Fourteen environmental groups have asked Gov. Tom Corbett to reverse a recent policy change that puts decisions about water contamination complaints related to Marcellus Shale drilling in the hands of the department's top administrators instead of water scientists.
According to the groups, the state Department of Environmental Protection review policy, instituted in mid-September, "would delay warning the public of water pollution from oil and gas development."
"When water samples are polluted, the public should be warned immediately so affected residents can take steps to protect themselves," said Deborah Goldberg, managing attorney at Earthjustice, an environmental law organization, in a news release today. "They should not have to wait until after the news has passed through several layers of bureaucracy and political interference."
Although sources say it adds an extra layer of review and approval by top department administrators for contamination determination letters, spokesmen from the governor's office and the DEP said the policy change will not delay notification of homeowners about well water contamination.
Both cited a $1.1 million penalty assessed in May 2011 against Chesapeake Energy for a 2009 well water contamination incident and a fire, as proof the administration is committed to enforcing environmental regulations.
"We provide homeowners with sample results as we get them and are in continuous communication throughout our investigations, said Kevin Sunday, a DEP spokesman. "These communications occur well in advance of any determination DEP may make so that homeowners are always aware of the quality of their water. We respond to every complaint we receive and, when warranted, conduct a full investigation."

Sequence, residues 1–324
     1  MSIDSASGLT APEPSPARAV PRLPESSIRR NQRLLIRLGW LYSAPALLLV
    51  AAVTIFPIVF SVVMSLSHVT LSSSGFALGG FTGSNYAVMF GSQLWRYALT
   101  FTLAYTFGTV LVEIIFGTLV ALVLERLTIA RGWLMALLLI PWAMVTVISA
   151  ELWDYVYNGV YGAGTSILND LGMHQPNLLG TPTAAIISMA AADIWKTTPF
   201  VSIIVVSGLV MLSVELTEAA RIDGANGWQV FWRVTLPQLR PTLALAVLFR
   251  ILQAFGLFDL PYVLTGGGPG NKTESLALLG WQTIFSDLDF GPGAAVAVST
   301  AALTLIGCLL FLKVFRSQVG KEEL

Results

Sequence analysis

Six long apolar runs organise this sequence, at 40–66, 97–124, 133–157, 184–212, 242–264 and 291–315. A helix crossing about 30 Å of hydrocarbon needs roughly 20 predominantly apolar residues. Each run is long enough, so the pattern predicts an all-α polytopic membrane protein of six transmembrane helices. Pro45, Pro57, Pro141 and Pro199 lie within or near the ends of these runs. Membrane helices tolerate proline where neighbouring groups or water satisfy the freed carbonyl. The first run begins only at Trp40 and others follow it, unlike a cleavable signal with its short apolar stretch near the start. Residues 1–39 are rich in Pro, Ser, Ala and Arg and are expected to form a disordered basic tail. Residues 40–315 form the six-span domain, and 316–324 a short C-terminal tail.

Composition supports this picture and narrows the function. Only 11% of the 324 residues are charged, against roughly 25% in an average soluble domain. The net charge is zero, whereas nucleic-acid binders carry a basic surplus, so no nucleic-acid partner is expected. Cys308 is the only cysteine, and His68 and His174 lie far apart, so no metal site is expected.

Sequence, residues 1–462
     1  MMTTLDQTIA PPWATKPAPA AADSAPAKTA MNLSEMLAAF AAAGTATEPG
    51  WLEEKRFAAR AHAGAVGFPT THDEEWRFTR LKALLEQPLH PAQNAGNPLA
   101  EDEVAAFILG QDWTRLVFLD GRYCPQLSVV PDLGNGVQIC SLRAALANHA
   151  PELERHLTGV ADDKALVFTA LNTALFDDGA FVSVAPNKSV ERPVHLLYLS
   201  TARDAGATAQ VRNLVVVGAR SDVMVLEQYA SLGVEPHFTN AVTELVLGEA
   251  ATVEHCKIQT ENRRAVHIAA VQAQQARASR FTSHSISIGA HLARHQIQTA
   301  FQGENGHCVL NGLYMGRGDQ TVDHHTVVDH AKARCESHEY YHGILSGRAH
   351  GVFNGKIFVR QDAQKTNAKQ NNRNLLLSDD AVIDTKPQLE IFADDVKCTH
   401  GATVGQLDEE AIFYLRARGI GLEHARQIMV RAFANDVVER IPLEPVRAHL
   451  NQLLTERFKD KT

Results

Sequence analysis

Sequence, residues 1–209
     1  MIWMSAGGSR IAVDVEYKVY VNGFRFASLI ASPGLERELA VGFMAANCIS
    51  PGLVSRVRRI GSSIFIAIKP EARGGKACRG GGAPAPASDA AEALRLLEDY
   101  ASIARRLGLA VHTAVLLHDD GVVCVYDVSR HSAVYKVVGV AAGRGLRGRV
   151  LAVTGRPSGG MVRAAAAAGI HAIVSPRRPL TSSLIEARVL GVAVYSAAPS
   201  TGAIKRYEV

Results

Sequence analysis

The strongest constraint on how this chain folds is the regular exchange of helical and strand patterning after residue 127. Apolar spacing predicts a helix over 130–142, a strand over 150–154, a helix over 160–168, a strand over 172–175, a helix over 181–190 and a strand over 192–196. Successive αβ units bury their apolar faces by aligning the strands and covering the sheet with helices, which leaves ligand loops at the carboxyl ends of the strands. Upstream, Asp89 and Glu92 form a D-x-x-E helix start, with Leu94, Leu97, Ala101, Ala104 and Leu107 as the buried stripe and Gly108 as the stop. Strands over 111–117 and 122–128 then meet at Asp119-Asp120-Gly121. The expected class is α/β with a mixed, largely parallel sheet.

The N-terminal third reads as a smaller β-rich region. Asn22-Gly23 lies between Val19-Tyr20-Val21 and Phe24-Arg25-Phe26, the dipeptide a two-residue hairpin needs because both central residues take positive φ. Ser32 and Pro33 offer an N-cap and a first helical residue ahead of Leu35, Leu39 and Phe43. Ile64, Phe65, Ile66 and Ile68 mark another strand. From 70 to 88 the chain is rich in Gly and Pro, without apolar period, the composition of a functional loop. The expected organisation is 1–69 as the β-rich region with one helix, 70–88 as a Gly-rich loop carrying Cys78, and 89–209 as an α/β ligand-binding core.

"The only thing being done differently is that DEP has asked that department inspectors notify DEP officials in Harrisburg about any decisions regarding well water contamination," said Eric Shirk, a spokesman in the governor's office. "It only makes sense that department executives be advised of what employees in the field are doing."
But an email sent Sept. 14 by Scott Perry, deputy secretary of DEP's Office of Oil and Gas Management, directed the field offices to send only positive water contamination reports to Harrisburg for review by top department officials "prior to issuing any water supply impact determination letter."
Previously, the DEP's water quality specialists in district field offices would send "contamination determination" letters to homeowners based on water test results provided by the department's laboratory.
The DEP said in response to questions then that the policy change would not result in notification delays to homeowners about water contamination.
The groups say in their letter to the governor that the new policy is designed to accommodate shale gas drilling in Pennsylvania and its use of hydraulic fracturing, which uses millions of gallons of water, sand and chemicals to fracture the shale underground and release the gas it holds.
Earthjustice sent the letter to the governor on behalf of Berks Gas Truth, Clean Water Action, Damascus Citizens For Sustainability, Delaware Riverkeeper Network, Gas Drilling Awareness Coalition of Luzerne County, Lehigh Valley Gas Truth, Lower Susquehanna Riverkeeper, Marcellus Outreach Butler, Mountain Watershed Association, PA Forest Coalition, Protecting Our Waters, Sierra Club - Pennsylvania Chapter, and Three Rivers Waterkeeper.
Don Hopey: firstname.lastname@example.org or 412-263-1983. First Published October 23, 2012 12:15 AM